November 3, 2004 | Broadcast

American Morning

Let’s begin by taking a look at the electoral college board. You can see there, 254 electoral votes for President Bush; 252 for Senator Kerry. Ohio, where we are this morning, in green, meaning that it is just too close to call today.

For the second time in four years, a presidential race is in limbo a day after the election. It all hinges on Ohio and its 20 electoral votes.

We begin this morning from Washington, D.C. with some differing points of view.

Democratic consultant Victor Kamber joins us; also, former RNC Communications Director Cliff May.

Good morning to you guys.

Thanks for being with us.


O’BRIEN: Let’s get right to it.

Victor, do you think, considering the scenario that we have now, it’s essentially a numbers game? Do you think Senator Kerry should concede or should he wait it out, see what happens in Ohio?

KAMBER: Frankly, I hope he waits it out and sees what happens in Ohio. I think every vote should be counted. I don’t think we need to have long protracted court actions and the like, but we have a number of votes that still are out there. The fact that if it waits one, two or three days, so be it. It was a long, hard fought campaign by both sides. I’m certainly disappointed it wasn’t clearer, clearer for my side. But I still believe there’s an opportunity here and I’d like to make sure that every vote is counted. And if George Bush is the winner — O’BRIEN: Well…

KAMBER: … is the winner in the end, so be it. I’d like it to be a clear win.

O’BRIEN: You say one, two or three…


O’BRIEN: … days, but actually, Cliff, we’re not talking necessarily one, two or three… MAY: Ten days.

O’BRIEN: We’re talking 10 days, right? MAY: Yes. And my guess is that Senator Kerry is likely to concede rather than do that. And I’ll tell you part of the reason why. As you say, it’s a numbers game. But let’s recall that President Bush in this election has won more votes than any presidential candidate in American history ever. He’s won 51 percent. That’s the first time any candidate has won a majority of the votes, not just a plurality, since 1988.

And if you, by the way, if you start looking at Ohio carefully, and, again, all the votes should be counted, you probably want to look at other states. The margin of difference, for example, in Pennsylvania is narrower than the margin of difference in Ohio right now. So it’s a fairly convincing victory.

But, look, we’ve got a system set up where when you have close elections, it can be difficult.

KAMBER: It’s interesting… MAY: But I think it’s clear — I know what you’re going to say…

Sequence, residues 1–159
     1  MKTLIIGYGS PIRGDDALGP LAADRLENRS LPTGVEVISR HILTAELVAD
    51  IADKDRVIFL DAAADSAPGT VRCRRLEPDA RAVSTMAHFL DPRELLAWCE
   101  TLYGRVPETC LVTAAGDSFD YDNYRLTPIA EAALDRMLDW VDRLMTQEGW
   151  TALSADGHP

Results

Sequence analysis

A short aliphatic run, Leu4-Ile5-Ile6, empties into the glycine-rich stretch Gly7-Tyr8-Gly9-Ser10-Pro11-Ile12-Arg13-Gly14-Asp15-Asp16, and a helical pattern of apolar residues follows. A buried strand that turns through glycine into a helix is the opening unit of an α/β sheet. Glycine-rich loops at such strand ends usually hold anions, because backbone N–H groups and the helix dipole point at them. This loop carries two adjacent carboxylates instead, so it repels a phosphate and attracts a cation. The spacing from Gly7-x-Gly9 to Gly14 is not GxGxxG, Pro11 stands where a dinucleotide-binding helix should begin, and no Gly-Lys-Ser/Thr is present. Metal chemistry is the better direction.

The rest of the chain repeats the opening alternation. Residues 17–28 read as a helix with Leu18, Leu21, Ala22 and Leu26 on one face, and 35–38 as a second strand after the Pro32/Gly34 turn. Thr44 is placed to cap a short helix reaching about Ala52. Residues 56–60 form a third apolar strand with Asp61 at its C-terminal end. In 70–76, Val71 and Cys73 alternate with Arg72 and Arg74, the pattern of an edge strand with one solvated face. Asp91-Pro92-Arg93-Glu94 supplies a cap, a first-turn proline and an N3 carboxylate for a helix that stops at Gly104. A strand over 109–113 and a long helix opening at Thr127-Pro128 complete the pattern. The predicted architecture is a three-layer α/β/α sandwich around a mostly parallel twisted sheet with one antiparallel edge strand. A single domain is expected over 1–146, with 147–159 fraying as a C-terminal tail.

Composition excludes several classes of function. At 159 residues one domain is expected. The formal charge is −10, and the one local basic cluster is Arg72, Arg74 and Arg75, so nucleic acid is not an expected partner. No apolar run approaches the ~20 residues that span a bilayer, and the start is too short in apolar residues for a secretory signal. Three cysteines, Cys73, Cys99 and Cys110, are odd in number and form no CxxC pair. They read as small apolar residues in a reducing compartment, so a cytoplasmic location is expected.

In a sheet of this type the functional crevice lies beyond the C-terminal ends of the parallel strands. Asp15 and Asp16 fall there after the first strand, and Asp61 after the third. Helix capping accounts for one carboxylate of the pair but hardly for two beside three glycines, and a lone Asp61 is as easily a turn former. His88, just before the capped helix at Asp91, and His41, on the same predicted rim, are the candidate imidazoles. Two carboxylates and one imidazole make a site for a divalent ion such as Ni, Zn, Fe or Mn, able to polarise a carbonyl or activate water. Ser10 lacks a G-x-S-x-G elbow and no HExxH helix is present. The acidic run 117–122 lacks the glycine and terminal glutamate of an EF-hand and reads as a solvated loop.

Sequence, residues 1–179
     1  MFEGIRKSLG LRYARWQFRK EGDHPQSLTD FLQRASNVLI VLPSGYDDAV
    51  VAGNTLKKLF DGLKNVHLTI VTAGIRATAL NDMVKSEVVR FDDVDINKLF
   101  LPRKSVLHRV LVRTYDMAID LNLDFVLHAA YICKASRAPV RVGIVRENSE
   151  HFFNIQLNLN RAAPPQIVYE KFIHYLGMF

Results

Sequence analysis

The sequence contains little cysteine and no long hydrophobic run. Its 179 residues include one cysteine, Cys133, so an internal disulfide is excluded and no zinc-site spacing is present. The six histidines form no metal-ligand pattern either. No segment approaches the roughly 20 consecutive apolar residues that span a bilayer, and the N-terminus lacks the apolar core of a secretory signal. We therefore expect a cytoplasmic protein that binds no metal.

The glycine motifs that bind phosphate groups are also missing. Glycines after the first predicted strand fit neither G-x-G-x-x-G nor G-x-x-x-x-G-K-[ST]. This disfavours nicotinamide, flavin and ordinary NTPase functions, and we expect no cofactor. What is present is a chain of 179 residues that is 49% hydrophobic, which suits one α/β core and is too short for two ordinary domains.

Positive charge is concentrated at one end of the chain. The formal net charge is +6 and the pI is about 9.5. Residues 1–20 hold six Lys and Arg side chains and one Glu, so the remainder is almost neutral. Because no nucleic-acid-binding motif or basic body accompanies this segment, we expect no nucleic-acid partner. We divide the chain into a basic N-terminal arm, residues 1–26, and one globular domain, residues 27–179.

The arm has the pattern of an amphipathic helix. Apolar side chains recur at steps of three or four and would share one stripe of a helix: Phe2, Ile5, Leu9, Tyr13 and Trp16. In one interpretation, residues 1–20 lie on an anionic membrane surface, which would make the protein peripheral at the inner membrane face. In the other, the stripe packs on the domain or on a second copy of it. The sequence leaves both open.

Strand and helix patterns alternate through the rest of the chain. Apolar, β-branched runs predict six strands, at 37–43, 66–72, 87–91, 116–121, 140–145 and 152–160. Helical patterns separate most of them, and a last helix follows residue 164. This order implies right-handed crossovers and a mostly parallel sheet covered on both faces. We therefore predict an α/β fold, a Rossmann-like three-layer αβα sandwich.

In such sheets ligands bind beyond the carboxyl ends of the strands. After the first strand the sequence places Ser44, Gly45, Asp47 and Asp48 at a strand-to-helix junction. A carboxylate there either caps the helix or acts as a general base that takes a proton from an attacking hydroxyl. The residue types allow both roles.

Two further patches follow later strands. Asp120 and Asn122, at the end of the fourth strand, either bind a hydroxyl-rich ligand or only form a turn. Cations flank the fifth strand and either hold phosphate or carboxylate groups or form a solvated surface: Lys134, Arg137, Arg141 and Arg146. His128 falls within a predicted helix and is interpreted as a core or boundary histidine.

KAMBER: It’s interesting… MAY: Look…

KAMBER: … that Cliff wants to count the popular vote this cycle… MAY: No, no, no, no.

KAMBER: He didn’t last cycle. MAY: Let me say, whoever wins the electoral vote absolutely wins the election. That’s the way the game is played. I understand.

KAMBER: So let’s wait and see. MAY: But, Victor, on the other side, let’s also say that all your friends who have the “Re-Defeat Bush” signs up, they must be saying right now, Kerry should concede because he lost the popular vote.

KAMBER: No, all I’m — listen, again I’ll say it, whether it’s five days or 10 days, let’s just count all the votes and then get on with it. Ten days is not going to — after having four months last time, after what we’ve gone through, after the way this country is as divided as it is, it would be better and healthier for the country to make sure. And if there are other states, Cliff, there are — where there’s numbers in question, so be it. Let’s revisit those states.

That’s what the process is.

O’BRIEN: Victor, let’s…

KAMBER: Every American that voted should be counted.

O’BRIEN: You guys, we don’t have a ton of time.

Victor, I want to ask you, what did the Democrats do wrong? When you look at the popular vote that President Bush has walked away with, a huge increase over 2000, I mean clear signs that something has changed.

(AUDIO GAP) not do?

KAMBER: Well, you know, that’s a hard question and I’m not going to be a second guesser. First of all, I think the campaign did an extremely good job and, you know, there’s going to be a lot of Democrats who are going to — especially those who weren’t in the campaign and who didn’t make any money out of it and who are on the outside. They’re going to second guess every one of those staffers that was on the inside.

I’m not one of those. I happen to believe the campaign worked hard, the candidate was terrific and did a terrific job. We won the three debates. We worked very hard. We ran against a man who was popular and who was president during a war time. It became tough.

Are there decisions that should have been made differently? Should he have gone to a different state at the last minute or concentrated on another state? Hindsight will tell us that as you analyze things. But as we stand today, I think the Democrats should be proud (AUDIO GAP) campaign; maybe a losing one but it was a very strong one.

O’BRIEN: That’s going to be our final word this morning, guys.

Victor Kamber, Cliff May, we’re out of time, so we’ll check in with you first the next time.

Thanks, guys.

Appreciate it. MAY: Bye-bye.